Walking Tall Update

We need more footwear (but not just any old footwear!)

Andrew Barlow
By Andrew Barlow
Founding member, QLD Orthotics and Podiatry
Andrew is one of the founding members of QLD Orthotics and Podiatry. He has been practicing podiatry in Brisbane for over a decade and continues to work extensively in bringing the latest in podiatric technology and treatment modalities to Australia from overseas. Andrew, along with his business partner Tom Brough, also founded Paromed Australia and NZ in 2010.
Tom Brough
By Tom Brough
Founding member, QLD Orthotics and Podiatry
Tom is one of the founding members of QLD Orthotics and Podiatry and he has a special interest in biomechanical podiatry and sports medicine. Tom is also the lead clinical director and oversees the professional development and professional standards for the group. Additionally, Tom presents on the wide range of topics relating to the lower limb and foot to the general public, sporting clubs, private organisations, medical practitioners and other allied health professionals.

Q: How do you explain the positive impact of footwear on people who experience homelessness?  


A: Lack of footwear or quality footwear leads people to be more susceptible to a range of foot conditions or injuries, such as insect bites or various trauma. We start with what we all know, which is that hygiene is important for a healthy body. Logic follows that the ability to collect a range of footwear helps us to fit the shoe to the right person and improve the musculoskeletal conditions for those who rely on their feet to access services, transport and food.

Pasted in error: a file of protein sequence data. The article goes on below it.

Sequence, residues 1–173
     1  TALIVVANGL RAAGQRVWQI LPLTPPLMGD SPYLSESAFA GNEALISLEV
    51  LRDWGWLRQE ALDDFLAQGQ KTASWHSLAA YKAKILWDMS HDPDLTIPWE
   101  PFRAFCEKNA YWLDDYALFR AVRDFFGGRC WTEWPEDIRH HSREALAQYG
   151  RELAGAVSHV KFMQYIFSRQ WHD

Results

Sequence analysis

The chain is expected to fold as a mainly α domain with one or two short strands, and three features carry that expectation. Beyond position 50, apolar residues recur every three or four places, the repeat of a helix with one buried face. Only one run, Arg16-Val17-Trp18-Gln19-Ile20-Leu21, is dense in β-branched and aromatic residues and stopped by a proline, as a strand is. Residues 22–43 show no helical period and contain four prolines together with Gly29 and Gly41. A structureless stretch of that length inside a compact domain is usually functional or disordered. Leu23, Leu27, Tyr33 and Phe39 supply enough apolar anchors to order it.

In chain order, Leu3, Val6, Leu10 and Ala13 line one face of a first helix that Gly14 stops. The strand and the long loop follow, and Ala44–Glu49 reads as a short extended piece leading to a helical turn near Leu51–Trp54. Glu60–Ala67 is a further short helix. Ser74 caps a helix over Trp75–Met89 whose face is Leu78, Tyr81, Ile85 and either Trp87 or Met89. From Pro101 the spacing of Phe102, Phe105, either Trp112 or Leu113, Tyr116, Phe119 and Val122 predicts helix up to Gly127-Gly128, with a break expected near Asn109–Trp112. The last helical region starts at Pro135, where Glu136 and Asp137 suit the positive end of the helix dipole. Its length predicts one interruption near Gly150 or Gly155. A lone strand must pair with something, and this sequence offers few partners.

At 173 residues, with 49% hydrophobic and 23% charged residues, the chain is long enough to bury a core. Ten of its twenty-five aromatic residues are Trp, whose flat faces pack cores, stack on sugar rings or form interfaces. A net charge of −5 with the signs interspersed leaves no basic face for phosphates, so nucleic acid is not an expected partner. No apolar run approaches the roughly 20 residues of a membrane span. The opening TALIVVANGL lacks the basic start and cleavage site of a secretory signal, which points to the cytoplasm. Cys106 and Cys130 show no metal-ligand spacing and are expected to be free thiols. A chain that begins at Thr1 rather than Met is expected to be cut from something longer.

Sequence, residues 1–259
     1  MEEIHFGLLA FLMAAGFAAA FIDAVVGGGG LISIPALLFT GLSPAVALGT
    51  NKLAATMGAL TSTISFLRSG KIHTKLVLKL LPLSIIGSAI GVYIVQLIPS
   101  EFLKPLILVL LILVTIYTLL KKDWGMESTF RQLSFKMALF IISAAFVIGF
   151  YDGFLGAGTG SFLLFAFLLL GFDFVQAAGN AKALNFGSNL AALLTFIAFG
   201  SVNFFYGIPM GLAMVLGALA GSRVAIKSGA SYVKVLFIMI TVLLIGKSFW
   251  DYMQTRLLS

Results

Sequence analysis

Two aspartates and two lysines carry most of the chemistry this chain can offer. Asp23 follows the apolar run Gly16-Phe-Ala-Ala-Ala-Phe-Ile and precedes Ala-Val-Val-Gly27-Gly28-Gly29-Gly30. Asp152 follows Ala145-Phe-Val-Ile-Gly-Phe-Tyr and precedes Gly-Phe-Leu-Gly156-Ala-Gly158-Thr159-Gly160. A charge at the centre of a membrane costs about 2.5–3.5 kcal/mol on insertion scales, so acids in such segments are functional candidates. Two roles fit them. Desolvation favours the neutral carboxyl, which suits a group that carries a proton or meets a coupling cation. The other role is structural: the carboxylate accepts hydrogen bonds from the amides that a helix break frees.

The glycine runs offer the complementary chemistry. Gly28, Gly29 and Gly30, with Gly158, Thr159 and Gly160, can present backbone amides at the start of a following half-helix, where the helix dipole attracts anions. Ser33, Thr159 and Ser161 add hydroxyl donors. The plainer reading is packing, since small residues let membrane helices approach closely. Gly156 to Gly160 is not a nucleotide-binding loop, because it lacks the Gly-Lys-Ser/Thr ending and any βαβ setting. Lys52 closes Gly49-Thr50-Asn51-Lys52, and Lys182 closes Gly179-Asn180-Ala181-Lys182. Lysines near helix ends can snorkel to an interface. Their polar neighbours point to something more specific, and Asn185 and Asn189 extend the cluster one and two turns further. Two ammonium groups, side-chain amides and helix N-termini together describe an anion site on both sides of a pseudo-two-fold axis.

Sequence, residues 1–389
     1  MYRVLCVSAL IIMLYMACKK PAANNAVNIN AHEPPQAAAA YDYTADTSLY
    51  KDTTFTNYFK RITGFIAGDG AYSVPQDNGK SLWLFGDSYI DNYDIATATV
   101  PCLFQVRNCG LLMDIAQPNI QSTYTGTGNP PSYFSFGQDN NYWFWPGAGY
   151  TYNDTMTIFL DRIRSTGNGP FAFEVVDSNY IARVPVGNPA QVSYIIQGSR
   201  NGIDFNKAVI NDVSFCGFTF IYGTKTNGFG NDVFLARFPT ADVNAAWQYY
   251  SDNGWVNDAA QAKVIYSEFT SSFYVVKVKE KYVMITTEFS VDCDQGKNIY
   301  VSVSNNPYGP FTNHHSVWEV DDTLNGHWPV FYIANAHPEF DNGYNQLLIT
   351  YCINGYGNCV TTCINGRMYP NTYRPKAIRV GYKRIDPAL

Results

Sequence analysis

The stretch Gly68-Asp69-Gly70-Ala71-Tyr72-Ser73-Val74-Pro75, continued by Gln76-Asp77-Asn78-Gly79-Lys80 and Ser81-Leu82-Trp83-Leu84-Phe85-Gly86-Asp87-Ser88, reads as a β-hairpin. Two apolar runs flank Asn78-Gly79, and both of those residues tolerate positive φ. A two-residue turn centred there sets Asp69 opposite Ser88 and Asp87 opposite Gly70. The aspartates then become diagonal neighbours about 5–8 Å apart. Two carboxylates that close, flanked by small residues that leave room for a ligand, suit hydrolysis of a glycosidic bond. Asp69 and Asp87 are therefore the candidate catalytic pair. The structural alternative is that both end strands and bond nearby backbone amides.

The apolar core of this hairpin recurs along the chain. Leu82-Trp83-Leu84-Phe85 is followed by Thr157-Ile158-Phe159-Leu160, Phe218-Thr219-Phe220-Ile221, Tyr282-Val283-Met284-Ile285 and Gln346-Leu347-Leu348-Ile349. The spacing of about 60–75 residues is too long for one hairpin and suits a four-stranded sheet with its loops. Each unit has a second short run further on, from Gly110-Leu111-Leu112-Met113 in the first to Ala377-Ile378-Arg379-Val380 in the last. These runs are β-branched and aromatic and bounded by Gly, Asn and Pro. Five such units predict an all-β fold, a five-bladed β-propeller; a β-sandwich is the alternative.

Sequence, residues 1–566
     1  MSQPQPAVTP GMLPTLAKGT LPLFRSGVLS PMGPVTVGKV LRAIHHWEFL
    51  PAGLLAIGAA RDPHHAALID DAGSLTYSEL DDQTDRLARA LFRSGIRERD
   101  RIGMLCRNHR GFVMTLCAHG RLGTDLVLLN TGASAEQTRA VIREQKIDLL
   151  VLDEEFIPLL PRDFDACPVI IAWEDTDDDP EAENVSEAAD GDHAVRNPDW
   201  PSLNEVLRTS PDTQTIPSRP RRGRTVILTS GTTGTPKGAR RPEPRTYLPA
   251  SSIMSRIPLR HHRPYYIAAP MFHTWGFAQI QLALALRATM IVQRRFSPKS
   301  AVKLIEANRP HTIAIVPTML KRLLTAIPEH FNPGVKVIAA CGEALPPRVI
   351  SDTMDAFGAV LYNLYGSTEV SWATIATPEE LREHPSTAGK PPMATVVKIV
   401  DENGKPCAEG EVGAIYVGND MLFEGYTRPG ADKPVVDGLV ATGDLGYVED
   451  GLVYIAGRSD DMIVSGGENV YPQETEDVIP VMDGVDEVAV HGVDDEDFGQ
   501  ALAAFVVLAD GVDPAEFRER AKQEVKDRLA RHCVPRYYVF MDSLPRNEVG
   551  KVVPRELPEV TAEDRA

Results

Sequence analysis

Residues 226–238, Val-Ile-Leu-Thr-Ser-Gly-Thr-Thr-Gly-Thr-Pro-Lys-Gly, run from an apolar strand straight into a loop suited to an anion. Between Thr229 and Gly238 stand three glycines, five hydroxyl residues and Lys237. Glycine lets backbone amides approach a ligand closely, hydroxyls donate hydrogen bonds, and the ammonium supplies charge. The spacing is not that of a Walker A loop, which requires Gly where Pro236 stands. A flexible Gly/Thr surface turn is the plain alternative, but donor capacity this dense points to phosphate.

Q: Where do you get most of your footwear from?


A: Mostly from donations from patients and podiatrists that have bin collections. We also get them from footwear companies, such as The Athlete’s Foot and Injinji, who offer us return samples and sample runs and also donate socks.


Q: How can the community get involved with the initiative?


A: Depending on where they’re located, we hope to extend this volunteer network into other states post-COVID. On a volunteer basis people can incorporate our ideas and use their own networks to expand on our ideas, which can help their own communities.


The larger community can donate their shoes and learn from health care professionals to be more mindful of the issues that benefit donations. For example, donating a few months earlier than they normally would if they are more aware of the cause. This helps the shoe to present in better condition.


Finally, resources can come from the health care professional community to help educate our clients and footwear providers on reusing shoes and creating a distribution network to get them onto the feet of those who experience homelessness.


Q: What sizes are currently sought after?


A: We’re seeking men’s sizes 9 to 13 in running shoes from neutral to support 4E width. Also, women’s sizes between 7.5 to 9, and up to 2E in neutral to support shoes.


Lastly, work-specific fittings are important to help people return to the workforce. So we are always seeking hospitality, steel capped and other work specific shoes.


Q: Is there a particular type of shoe that is more beneficial?


A: Typically, a running shoe or walking shoe that is specific for conditions that can benefit the recipient who may have the same challenges in their feet or lower limbs.